Downtime is expensive for any business and is clearly something that needs to be avoided. One way to avoid this costly downtime is using predictive maintenance.
Predictive maintenance can be a game changer, allowing you to proactively maintain your equipment and prevent unplanned downtime.
So, what is predictive maintenance, and how does it work? What are the advantages of this strategy? How can Sensorfact help you to do predictive maintenance? To discover more, continue reading.
Predictive maintenance can be used on any type of machine, but it is particularly important for critical equipment like industrial production machinery, where downtime can be extremely costly. In fact, predictive maintenance is used to prevent unexpected downtime while also limiting maintenance, resulting in more efficient operations and cost savings.
To know when to anticipate a problem, rotating equipment is continuously monitored. The data collected is then analysed to identify patterns that may indicate an impending failure. This allows you to schedule repairs or replacements before the equipment breaks down.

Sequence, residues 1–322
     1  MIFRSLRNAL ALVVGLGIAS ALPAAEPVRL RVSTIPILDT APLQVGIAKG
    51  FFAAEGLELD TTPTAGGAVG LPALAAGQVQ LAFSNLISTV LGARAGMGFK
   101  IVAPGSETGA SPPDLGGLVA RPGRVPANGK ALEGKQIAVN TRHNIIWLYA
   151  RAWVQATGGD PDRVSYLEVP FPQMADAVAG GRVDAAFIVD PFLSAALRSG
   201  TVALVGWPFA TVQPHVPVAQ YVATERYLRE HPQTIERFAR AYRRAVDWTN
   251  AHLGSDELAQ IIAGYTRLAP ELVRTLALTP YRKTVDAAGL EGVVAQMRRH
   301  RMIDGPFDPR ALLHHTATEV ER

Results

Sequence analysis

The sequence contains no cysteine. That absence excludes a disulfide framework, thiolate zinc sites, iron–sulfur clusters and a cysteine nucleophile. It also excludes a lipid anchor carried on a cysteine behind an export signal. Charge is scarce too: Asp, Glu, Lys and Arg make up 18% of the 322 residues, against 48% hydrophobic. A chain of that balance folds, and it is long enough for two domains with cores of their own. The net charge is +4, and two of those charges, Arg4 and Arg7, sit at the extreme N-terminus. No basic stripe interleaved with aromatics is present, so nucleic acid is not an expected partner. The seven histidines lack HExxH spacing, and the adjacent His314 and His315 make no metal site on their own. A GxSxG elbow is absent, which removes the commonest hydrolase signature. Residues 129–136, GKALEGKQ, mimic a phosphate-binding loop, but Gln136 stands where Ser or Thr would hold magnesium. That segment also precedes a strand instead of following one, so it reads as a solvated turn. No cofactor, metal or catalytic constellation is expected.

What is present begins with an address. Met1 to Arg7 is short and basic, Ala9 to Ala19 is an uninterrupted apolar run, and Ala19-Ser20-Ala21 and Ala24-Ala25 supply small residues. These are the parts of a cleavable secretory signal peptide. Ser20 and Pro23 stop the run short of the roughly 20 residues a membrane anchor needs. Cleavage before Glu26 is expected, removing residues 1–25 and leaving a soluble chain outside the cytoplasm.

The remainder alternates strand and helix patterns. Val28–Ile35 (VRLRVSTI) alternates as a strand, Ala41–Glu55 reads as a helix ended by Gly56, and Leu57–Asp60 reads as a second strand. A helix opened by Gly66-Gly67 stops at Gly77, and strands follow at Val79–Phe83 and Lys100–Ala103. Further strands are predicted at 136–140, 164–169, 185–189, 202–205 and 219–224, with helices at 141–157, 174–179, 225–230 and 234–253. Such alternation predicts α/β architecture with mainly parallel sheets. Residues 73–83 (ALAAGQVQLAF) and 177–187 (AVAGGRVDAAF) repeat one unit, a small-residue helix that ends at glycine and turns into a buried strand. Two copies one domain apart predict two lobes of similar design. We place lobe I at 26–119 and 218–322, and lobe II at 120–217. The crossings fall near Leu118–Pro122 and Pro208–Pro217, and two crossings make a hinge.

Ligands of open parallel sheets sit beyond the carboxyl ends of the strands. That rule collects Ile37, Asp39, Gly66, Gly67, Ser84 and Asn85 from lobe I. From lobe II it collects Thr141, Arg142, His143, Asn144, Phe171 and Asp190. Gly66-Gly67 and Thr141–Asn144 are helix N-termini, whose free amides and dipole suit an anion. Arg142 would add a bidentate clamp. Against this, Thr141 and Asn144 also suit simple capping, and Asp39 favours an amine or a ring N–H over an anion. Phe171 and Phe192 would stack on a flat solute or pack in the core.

This has the potential to save a lot of money, as well as avoid unplanned downtime. Best of both worlds, right?
You may have heard of the term’s preventive maintenance and reactive maintenance before. So, what is the difference between predictive maintenance and these other two types of maintenance?
Predictive maintenance is a condition-based maintenance strategy that is only concerned with maintaining equipment that is actually due for maintenance, whereas preventive maintenance is a scheduled-based approach where equipment is maintained at regular intervals regardless of its condition. This creates a lot of waste, as parts that could have continued to function for longer are needlessly replaced/repaired.
In contrast to preventive maintenance, reactive maintenance is when repairs are only carried out once a problem has already occurred. This may seem like the most obvious solution, but it can actually be quite costly and disruptive. Not to mention, by the time a problem is detected it may be too late to avoid unplanned downtime.
Predictive maintenance has the benefits of both worlds without any downsides. By using data and analytics, it allows you to only carry out maintenance when it is actually needed, avoiding the waste associated with preventive maintenance, as well as the unplanned downtime associated with reactive maintenance.